Cam: Working with DV tapes is a long and intricate task. I really enjoy cutting footage frame by frame, citing a whole tape. Reminds me of when we were younger and we would film all day, get home and just watch all the raw footage. What has to be understood is that we are skiing first, we need a camera we can set up and put down ready to go as we are building spots and passing the camera around. Camcorders are perfect for Run ‘n’ Gun filmmakers and that is how I would define theA6ENCY. Standard def can be scary in an HD world, but on our own dollar it made travel and more days on skis possible. What you have should never be valued as much as what you can do. My little VX style Sony could do it all in my opinion.
You guys are tapping into a lot of popular representations of Toronto: the “6ix” etc. Can you talk a bit about the freeski scene there? What about the city inspires you?
Rob: I don’t care if this sound cliché...but Toronto is on a wave. The city has an energy to it right now that can’t be matched. You kinda have to spend sometime here to understand that. Other than the obvious population growth and development in infrastructure over the past couple years, there’s a lot going on with different industries (music, arts, technology, events, surfing etc.). There’s a lot of things to pull inspirations from. I live around the corner from Drake’s primary producer and sound engineer. You can guess how that inspires me when we are loading up all the gear and my winch into the truck when a snow storm is dumping snow throughout the city. The freeski “scene” though...is slim to none. But that’s something I hope to change. There are two small ski hills in the actual boundaries of the city...one literally built out of garbage/waste material and the other is basically just a ravine with a chairlift. Both used to have parks when I grew up skiing, but don’t anymore. The majority of people drive out of the city to bigger hills (Blue Mountain, MSLM, Horseshoe, etc.) That’s where the Ontario freeski scenes thrive. In the actually city though...everyone who I consider a “freeskier” has or will eventually moved west. The scene is growing with more development and growth in the parks outside of the city, but Evan McEachran and myself are really the only ones still based in Toronto trying to make it happen in my opinion.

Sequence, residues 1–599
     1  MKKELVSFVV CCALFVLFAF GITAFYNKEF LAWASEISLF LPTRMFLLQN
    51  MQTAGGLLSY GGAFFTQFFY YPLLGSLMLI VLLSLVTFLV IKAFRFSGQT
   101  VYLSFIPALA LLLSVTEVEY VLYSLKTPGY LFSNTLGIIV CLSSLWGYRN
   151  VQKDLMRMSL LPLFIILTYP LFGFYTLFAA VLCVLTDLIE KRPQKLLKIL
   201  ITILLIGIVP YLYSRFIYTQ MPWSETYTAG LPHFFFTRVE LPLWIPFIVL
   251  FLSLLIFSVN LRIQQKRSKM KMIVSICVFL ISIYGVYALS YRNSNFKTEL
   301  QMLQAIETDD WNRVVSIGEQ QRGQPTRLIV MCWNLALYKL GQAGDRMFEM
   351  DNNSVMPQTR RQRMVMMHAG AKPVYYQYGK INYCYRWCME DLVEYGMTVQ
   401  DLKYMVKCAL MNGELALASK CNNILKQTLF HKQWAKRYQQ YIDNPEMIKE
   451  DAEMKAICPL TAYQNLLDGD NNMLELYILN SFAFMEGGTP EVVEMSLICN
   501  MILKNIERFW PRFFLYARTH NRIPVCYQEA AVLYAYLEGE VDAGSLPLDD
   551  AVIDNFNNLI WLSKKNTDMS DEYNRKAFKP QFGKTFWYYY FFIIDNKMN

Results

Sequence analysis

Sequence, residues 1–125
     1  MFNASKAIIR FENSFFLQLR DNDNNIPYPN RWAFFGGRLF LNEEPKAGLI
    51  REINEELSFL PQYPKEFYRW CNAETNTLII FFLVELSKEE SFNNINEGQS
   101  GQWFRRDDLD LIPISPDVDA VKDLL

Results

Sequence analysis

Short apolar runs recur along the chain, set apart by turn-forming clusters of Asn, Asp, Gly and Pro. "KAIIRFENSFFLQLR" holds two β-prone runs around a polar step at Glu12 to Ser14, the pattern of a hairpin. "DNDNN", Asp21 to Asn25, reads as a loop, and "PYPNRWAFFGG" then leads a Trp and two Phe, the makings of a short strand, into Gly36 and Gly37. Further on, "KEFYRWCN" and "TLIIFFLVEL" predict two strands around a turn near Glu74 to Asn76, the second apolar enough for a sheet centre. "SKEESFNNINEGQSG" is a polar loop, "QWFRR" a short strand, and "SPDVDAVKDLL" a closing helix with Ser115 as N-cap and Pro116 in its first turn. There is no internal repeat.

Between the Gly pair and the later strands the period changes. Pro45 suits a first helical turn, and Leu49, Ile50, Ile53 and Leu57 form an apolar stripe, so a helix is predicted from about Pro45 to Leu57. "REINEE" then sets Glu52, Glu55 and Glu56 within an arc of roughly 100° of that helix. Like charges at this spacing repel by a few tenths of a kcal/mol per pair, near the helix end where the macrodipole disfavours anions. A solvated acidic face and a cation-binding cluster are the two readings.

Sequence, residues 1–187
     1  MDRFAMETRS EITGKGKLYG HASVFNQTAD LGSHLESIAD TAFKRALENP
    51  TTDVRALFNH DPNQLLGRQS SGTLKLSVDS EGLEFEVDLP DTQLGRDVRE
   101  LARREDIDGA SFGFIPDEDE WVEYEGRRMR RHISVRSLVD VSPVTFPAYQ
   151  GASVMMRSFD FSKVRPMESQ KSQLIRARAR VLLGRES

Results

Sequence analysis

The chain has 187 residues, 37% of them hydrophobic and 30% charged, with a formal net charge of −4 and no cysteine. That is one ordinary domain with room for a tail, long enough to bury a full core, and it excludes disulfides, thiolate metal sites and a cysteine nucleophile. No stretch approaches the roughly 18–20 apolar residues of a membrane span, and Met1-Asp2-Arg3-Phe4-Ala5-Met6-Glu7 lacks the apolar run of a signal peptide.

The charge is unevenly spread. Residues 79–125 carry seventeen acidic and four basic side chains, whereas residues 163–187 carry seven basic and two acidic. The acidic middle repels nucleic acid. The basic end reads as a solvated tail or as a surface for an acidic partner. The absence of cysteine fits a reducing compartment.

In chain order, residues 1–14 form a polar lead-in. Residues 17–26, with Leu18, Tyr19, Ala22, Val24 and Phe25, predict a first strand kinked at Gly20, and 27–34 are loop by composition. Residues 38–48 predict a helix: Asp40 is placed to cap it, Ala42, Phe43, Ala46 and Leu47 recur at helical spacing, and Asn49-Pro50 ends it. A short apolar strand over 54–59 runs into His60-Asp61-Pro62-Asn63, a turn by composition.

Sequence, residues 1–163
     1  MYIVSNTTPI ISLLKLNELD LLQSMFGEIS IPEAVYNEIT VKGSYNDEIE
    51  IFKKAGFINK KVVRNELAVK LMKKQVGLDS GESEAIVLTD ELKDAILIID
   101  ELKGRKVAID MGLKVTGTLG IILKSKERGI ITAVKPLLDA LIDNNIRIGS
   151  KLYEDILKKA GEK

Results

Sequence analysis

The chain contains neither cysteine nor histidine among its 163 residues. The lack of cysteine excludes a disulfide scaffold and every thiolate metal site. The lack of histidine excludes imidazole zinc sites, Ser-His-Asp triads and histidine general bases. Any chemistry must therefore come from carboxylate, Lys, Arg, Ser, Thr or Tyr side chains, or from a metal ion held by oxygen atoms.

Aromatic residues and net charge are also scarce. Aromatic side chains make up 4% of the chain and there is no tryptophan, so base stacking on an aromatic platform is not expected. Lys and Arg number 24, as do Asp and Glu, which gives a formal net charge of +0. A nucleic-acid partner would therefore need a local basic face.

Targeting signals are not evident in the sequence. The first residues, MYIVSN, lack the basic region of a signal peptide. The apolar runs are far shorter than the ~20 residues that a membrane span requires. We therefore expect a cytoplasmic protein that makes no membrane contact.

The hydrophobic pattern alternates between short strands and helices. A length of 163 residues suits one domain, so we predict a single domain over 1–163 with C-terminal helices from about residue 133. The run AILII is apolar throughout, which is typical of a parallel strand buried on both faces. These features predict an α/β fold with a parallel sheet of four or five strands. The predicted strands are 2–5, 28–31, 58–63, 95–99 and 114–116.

Any advice for other crews who might be looking to pursue a similar projects or concepts in the future?
Cam: Focus on the skiing, and making memories with like minded people. Use what you have and build off of that, the newest gear and camera isn’t going to accomplish anything for you. Search outside of skiing and sports for inspiration, and determine success on your own, not by what the industry tells or shows you.
Rob: Make it happen from where you're at, period. Don’t worry about moving west, or to the next best thing (hill, resorts, cities, etc.) Appreciate what you have around you, and find ways to create within your boundaries and abilities. Freeskiing to me is being able to ski wherever on whatever, progressively and with style, and most importantly have fun doing it. All you really need is a couple like minded people, a camera, and a pair of skis. That’s the basics, everything else above that is great, but really just a luxury.
What else can we expect to see from the crew in the season ahead?
Cam: A couple of us have set up base in Revelstoke for the season and are preparing for a winter with less days in the park and more time solely in the backcountry touring and sledding and on street features. With street of Calgary down the road and still lots to achieve in the 6ix. I can guarantee to see more from us this winter.
Rob: I’m going to be doing my thing in Toronto...welcoming the rest of the crew with open arms and couches when the snow starts falling. Definitely will be joining Cam and the rest of the guys at some point once they set up shop in Revelstoke. I’m also hoping to organize a park/street inspired event at one of Toronto’s city runned ski hills. I want to put something together that’s grassroots, free and accessible to anyone, and focused on fun and style. Outside of that, you can expect to see some big things from Cam, Jarrad, myself, and the rest of the crew behind and in front of the camera come 2017.
You can follow Cam at @camk3ith and Rob at @crenszn on Instagram and we just launch @theA6ENCY to keep up with the rest of the crew.